HomeNewsBriefState Department Paints Grim Picture of Central America's Drug Trade
BRIEF

State Department Paints Grim Picture of Central America's Drug Trade

8 MAR 2012 BY ELYSSA PACHICO EN

The US State Department 2012 International Narcotics Control Strategy Report praises Colombia's fight against drugs, but has a darker assessment of the Caribbean and of Central America's "Northern Triangle."

The report, released Wednesday, has some of the strongest commendation yet for anti-drug efforts in Colombia, calling the country “a partner in exporting security and stability throughout the Western Hemisphere.”

The report does temper the praise, adding that Colombia is still one of the world’s largest cocaine producers, and that “The progress is not irreversible and continued US support in Colombia is needed.” This is despite the fact that US aid to Colombia has been steadily declining over the past several years. It said that the area under coca cultivation dropped 14 percent from 2009 to 2010, from 116,000 to 100,000 hectares.·In its February report, the INCB estimated that 62,000 hectares of coca were grown in Colombia in 2010.

The State Department report does note some new trends. It warns that the security situation will likely continue to deteriorate in Belize, which the White House added to its list of major drug producing and transit countries in 2011. It notes that the country had “no successful prosecutions related to large seizures of illicit drugs” last year. The outlook is similarly grim for countries in the Northern Triangle. Seventy-nine percent of all cocaine smuggling flights from South America now pass through Honduras, the report says. Meanwhile, 15 percent of the cocaine which enters the US passes through Guatemala.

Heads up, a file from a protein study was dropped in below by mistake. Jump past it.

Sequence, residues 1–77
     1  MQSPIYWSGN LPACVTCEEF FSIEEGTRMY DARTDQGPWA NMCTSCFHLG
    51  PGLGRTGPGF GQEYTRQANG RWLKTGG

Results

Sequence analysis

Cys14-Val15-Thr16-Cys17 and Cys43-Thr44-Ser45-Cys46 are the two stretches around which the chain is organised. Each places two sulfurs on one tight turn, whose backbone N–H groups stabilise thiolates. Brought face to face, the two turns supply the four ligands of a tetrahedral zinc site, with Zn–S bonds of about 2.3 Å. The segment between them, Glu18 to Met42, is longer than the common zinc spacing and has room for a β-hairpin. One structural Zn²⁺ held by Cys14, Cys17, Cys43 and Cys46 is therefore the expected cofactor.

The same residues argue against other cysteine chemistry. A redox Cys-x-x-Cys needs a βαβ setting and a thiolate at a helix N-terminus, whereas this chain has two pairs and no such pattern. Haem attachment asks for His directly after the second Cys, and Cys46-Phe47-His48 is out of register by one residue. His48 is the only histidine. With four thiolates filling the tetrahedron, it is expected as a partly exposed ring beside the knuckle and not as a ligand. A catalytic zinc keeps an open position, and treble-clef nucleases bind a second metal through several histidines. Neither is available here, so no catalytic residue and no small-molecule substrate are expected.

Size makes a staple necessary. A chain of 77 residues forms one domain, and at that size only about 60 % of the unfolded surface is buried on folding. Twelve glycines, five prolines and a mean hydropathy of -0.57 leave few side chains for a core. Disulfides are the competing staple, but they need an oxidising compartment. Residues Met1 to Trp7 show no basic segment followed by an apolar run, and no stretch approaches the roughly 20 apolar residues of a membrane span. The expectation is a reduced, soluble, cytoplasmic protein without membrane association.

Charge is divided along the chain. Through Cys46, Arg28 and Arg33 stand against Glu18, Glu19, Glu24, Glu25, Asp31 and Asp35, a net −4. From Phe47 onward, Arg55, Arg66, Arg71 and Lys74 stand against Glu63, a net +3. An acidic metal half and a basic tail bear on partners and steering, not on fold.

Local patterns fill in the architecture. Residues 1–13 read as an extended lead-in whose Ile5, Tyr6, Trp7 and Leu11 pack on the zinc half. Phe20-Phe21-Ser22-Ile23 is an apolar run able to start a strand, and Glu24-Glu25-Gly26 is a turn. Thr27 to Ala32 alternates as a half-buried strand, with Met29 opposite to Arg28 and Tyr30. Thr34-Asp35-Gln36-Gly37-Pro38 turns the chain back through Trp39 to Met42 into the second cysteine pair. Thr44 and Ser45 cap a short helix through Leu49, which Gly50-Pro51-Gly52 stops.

El Salvador, which along with Belize was named a major drug transit country for the first time last year, is also described as facing serious security challenges. However, the report does assert that El Salvador’s street gangs are only involved in the domestic market, and are not linked to either Mexican or Colombian drug trafficking organizations.

The report also notes rising drug-related violence in the Caribbean. In Jamaica, this is because drugs are frequently traded for guns; in the Dominican Republic, it is because because drug traffickers pay their local distributors in drugs, rather than cash. The report does say, however, that only 5 percent of cocaine which enters the US is now thought to pass through the Caribbean.

On Mexico, the report says that drug-related murders rose 20 percent between 2010 and 2011, and that much of the fight over drug trafficking routes involves “multiple fractured organizations.” The domestic market for drugs in Mexico is growing, especially in the northern border states, where drugs are used as payment for smugglers. Other trafficking trends include the increased presence of Mexican traffickers in Latin America, the Caribbean, and Europe. Rather than maritime or air routes, land corridors through Mexico and Central America are now the most important smuggling routes for cocaine headed to the US, the report says.

In its effort to slow the rising violence, the Mexican government has a $12 billion security budget for 2012, about 10.7 percent higher than the amount allocated previous year. Mexico’s major drug trafficking organizations may be fracturing, but “significant challenges” still remain, the report concludes.

A version of this article appeared on the Pan-American Post.

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